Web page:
A lot of the book is about basketball, and you were a coach for many years. What surprised you about being a coach, and more importantly, what surprised you when you transformed that into the book?

I became a head basketball coach in Indiana straight out of college at the age of twenty-two. That’s a pretty young age to work with a bunch of people (assistant coaches, parents, fans, administrators, school board members) decades older. There were lots of people telling me I didn’t have any idea of what I was doing and trying to pressure me into doing what they wanted me to do. I’d read this book called Born to Coach by Rick Pitino who is now the coach at Louisville. I’d adopted his title as a sort of mantra for my life believing it was my destiny to be a great coach. I thought if I could even begin to replicate just some of what my college basketball coach had taught me, we’d have a good team. Then we won five games and lost fifteen. That losing record was a great surprise to me.

When it comes to the surprises I found during the act of writing, I didn’t realize the degree to which the failure of my first marriage was my fault. Before writing, I felt like divorce was something that had happened to me rather than something in which I participated. I thought of myself as a victim. The act of writing taught me my role in the end of the marriage.

Since I’m now fifteen years post divorce and a decade into a wonderful marriage, I find that since I’ve been writing fiction (making things up) I have a hard time remembering what really happened in my life. My stories have become my truth rather than something closer to the reality of the life I have lived.

I love that the book is set against the notorious O. J. Simpson trial (as well as Kurt Cobain’s suicide and our finding out that Prince Charles cheated on the beloved Diana). Why did you choose this time period, beside the fact that’s it’s tremendously fascinating? And why do you think popular culture informs our decisions?

In the realm of pop culture, both my character Zuke and I looked up to John Cusack’s character in the film Say Anything and Anthony Michael Hall’s “Farmer Ted” in the film Sixteen Candles. Both of these characters decide they are in love with a girl they’ve barely met, and then they boldly go forth and pursue these women until the kiss at the end. I was caught in a cycle where I’d create some fantasy of a person to pursue and then when I would actually end up dating the girl she was of course nothing like the person I’d made up in my head. I tried to convince people to love me, and I think I’d have been better off loving people who would love me back.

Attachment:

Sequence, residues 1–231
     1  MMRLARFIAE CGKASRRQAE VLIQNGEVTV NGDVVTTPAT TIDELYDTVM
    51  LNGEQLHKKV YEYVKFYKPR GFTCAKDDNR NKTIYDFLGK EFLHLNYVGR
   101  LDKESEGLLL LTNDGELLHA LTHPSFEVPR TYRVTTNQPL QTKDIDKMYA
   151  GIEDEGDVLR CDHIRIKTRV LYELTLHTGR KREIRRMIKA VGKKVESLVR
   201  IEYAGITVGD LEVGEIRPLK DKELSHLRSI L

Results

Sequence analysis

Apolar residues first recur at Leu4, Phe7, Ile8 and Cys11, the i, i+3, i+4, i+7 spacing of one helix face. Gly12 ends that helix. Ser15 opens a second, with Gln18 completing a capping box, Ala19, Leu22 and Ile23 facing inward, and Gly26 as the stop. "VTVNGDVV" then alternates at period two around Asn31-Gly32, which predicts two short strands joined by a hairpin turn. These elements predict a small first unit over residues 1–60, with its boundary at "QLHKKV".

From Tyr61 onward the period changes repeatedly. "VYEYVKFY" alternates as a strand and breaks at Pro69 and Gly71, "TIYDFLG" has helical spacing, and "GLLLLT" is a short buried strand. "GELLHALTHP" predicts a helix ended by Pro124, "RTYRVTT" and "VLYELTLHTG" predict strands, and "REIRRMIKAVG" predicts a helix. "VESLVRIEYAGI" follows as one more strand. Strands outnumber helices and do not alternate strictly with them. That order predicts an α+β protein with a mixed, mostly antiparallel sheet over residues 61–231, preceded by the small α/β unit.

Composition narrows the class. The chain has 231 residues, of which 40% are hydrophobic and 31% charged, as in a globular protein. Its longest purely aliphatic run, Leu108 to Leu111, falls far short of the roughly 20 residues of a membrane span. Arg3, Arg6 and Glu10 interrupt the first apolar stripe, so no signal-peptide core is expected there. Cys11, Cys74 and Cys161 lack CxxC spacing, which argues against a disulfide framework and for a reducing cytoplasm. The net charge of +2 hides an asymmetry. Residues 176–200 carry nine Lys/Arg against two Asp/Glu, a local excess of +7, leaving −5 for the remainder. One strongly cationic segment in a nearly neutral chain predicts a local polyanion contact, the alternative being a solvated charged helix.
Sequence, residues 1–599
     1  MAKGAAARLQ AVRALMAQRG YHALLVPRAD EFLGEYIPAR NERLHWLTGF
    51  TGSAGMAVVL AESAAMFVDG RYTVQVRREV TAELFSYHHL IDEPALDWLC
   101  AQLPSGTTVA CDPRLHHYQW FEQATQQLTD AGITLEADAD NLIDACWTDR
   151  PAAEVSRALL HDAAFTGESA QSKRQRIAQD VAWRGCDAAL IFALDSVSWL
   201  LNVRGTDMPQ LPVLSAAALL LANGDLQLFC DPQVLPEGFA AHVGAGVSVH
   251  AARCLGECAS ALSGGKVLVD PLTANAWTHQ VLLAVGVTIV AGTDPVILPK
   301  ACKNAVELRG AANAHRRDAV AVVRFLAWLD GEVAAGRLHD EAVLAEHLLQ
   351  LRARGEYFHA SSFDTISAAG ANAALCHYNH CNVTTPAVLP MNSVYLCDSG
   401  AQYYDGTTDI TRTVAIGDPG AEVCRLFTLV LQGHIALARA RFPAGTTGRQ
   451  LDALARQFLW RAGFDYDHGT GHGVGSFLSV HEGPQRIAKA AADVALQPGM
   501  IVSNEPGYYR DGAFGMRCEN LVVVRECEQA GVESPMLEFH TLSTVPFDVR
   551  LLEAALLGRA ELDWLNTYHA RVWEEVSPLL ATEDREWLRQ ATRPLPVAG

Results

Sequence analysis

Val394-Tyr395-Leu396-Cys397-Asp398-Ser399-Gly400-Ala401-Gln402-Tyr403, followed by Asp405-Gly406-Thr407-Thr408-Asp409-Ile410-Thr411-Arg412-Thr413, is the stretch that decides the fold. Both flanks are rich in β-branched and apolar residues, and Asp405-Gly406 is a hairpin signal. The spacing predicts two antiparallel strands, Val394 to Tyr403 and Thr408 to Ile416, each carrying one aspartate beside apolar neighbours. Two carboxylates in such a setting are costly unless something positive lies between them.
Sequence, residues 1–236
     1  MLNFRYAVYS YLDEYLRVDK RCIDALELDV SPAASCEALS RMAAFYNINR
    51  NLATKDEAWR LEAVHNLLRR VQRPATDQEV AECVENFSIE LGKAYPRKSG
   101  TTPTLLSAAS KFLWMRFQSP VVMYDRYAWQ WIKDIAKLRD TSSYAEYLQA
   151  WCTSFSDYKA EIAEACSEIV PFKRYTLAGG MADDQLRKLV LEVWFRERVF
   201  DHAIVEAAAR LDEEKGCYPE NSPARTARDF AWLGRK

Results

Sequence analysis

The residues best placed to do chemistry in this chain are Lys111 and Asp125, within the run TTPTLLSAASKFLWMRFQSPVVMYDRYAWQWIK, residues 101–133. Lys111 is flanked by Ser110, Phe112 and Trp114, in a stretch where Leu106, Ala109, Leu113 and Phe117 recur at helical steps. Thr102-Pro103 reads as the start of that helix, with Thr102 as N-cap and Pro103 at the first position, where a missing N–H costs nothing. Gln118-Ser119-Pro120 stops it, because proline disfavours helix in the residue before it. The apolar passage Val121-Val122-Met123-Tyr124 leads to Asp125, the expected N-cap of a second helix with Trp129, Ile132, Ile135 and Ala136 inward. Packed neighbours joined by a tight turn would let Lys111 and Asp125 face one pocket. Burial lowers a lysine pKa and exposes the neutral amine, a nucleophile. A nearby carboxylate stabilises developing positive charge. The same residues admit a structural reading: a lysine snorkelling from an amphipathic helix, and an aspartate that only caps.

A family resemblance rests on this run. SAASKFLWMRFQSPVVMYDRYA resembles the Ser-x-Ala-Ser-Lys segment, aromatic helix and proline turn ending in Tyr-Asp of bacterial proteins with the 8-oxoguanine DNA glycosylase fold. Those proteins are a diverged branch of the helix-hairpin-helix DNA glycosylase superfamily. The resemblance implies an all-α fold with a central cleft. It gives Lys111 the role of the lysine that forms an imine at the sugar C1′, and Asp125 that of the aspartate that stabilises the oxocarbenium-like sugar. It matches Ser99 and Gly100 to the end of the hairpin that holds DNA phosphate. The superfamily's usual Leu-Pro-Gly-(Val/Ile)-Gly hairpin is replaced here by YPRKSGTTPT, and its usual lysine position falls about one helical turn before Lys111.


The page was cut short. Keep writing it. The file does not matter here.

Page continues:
As for 1994 as the setting, it partly just made sense to follow Zuke’s previous fascination with the 80’s movies that he’d be graduating from college in the 90’s. However, I could have jumped ahead to lots of different time periods. I started with wanting to have a woman desire a fairytale wedding. Princess Diana and her wedding is the woman’s side (in this book) of Zuke’s fantastical expectations about love. I wanted to establish a background of fairytale romances with not happy endings. I read a lot of old newspapers and magazines starting with the subject of Princess Diana and that took me to OJ Simpson and Kurt Cobain and their respective marriages.

What kind of writer are you? Do you outline? Do you have rituals? Do you wait around for the pesky Muse?

Definitely no Muse. I write like I trained for marathons or worked on my basketball game when I was a player: a little bit everyday adds up to a lot. John Irving (A Prayer for Owen Meany, The World According to Garp) was a wrestler, and he was an early writer I read when I was getting started who had a way of working that made sense to me. I’ve been a word counter, trying for 800 words a day and thinking along the lines that a page a day will add up to over three hundred for the year and that will get me a long way toward a finished manuscript. The word counting came from a writer named Donald Murray who has this great book about teaching writing called Write to Learn.